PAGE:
I rub my eyes, forgetful of the sand, and then try to blink away the grit, the stinging.
“Israel?” Izzy says to the plane. It has a red stripe and is bigger than the planes that spray for mosquitoes, though not by much. If her twin is inside that plane, Shane and Nate must be too. They’ve been an inseparable trio since freshman year.
My heart hammers in my chest, up my neck, behind my eyes. Last night I watched Nate and his braced knee limp from group to group, Solo cup in hand, his hair pulled back into its bun, occasionally giving that half smile that has made me melt since seventh grade. No one at school knew we were friends—not just friends. Something more. He was the one who invited me to the party, but he barely acknowledged me, and something finally snapped. I marched up to him to ask why—right in front of everyone. He pulled me away from the fire and told me he was scared that he couldn’t escape it. Escape what? I asked. This double life you’ve built? I told him I couldn’t pretend anymore, that I was finally done.
I started drinking—something I usually avoid because of my dad—to numb my pain. And once I felt loose, I dragged my heart around after Izzy and Cass—the closest to friends I had at that party—laughing when they laughed, dancing when they danced, though my limbs were jerky, my bounce off-beat. I had to keep a smile pasted on my face because the smile was the trapdoor holding back the feral thing inside me that wanted to growl and kick sand over Nate, to bury him. He’d drifted off early, his sweatshirt cinched around his face, his arms folded in so he appeared even smaller than usual.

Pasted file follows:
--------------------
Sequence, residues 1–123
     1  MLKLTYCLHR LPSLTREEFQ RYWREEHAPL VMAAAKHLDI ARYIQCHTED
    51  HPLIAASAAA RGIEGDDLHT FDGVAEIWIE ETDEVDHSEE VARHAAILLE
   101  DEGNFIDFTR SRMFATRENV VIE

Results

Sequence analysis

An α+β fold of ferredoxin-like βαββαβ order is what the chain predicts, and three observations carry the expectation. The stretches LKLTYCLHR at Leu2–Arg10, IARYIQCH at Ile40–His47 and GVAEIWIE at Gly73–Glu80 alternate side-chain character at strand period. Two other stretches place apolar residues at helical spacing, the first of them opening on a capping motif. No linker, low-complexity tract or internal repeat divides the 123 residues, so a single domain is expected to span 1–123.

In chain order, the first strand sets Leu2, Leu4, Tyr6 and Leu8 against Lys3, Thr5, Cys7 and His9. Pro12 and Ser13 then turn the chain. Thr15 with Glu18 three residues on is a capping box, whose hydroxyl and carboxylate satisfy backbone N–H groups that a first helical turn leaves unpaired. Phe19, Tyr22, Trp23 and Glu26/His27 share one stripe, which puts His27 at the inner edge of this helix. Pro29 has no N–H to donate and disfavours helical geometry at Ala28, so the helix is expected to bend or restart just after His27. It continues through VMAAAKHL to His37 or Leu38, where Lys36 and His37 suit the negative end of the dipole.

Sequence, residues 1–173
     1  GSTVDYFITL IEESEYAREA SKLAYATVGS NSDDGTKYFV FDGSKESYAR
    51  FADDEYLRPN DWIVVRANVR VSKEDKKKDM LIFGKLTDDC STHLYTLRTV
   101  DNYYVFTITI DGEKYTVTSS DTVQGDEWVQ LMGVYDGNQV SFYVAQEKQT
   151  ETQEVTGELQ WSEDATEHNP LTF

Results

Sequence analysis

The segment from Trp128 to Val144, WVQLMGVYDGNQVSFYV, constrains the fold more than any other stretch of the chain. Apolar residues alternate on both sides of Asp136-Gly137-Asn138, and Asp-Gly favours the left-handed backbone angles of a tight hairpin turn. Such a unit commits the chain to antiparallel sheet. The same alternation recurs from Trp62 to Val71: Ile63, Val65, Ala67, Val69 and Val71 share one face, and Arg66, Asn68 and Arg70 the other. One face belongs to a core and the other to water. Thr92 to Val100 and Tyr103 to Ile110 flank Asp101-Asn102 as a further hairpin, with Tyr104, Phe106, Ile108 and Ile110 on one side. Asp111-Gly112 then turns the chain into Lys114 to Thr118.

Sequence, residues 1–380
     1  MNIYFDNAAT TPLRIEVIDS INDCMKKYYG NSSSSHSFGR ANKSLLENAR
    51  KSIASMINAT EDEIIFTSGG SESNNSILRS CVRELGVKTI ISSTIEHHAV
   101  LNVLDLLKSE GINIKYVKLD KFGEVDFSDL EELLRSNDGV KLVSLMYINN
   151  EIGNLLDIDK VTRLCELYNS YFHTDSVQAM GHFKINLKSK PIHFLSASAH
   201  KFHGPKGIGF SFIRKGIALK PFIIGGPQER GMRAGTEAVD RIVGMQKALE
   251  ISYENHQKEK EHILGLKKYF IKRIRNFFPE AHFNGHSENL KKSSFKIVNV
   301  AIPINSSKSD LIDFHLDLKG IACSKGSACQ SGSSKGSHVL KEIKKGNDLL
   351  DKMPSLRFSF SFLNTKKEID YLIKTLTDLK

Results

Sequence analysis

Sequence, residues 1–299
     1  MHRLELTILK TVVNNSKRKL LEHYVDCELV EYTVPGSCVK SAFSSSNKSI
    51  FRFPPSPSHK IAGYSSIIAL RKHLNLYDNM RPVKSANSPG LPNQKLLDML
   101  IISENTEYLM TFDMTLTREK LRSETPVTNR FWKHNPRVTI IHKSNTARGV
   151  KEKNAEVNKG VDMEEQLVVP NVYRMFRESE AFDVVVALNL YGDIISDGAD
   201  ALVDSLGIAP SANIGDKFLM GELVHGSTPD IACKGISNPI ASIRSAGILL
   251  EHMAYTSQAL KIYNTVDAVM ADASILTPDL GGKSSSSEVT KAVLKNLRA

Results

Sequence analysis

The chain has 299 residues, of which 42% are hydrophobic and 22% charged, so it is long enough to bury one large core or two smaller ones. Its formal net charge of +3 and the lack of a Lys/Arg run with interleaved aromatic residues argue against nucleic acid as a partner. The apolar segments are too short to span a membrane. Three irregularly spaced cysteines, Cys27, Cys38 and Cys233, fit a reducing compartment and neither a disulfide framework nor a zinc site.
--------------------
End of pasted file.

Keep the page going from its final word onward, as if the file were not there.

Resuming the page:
Now, in this dim light, all I want to see is Nate’s small limping form, his bunhead, his half smile.
The plane begins to climb, slower than it should and at an impossible incline over the waves, which run their morning laps obliviously. Around me, everyone is awake. On their elbows, their knees, their feet, looking out at the Gulf. I manage to stand despite the rocking sensation inside my stomach.
The last time Nate and I were on this same beach, we were alone, our lips swollen from kissing, the moon illuminating the neat surgery scar along his knee—my dad’s work. I told him I was applying to an ivy-walled northeastern college to study literature and screenwriting, and he said, “I want to be up there,” and pointed at Orion’s Belt. I laughed, didn’t I? Even though he had been checking out a lot after the knee surgery, his face emptying when we were in the middle of conversations.
The plane is as high as the distant roller coaster now, higher.
It stalls, hovering, and we stop breathing; even the gulls hush, a collective holding. Then there’s a sound coming from my throat: a high whine turning shriek. It’s echoed across the beach. We all seem to sense what comes next: the plunge. In the purple-gray light, our awe becomes ghastly. Like disgust. Cass grabs my hand and Izzy’s. I imagine we must look so small to the boys in the plane—if it’s really them—a chain of sand dandelions.
“Israel!” Izzy shrieks. Nate? my heart asks.
I wonder: Does what goes up have to come down? Can you climb higher? Can you free yourself? Can you shrink to tiny specks and disappear from our sight? Can you—would you really—leave us behind?”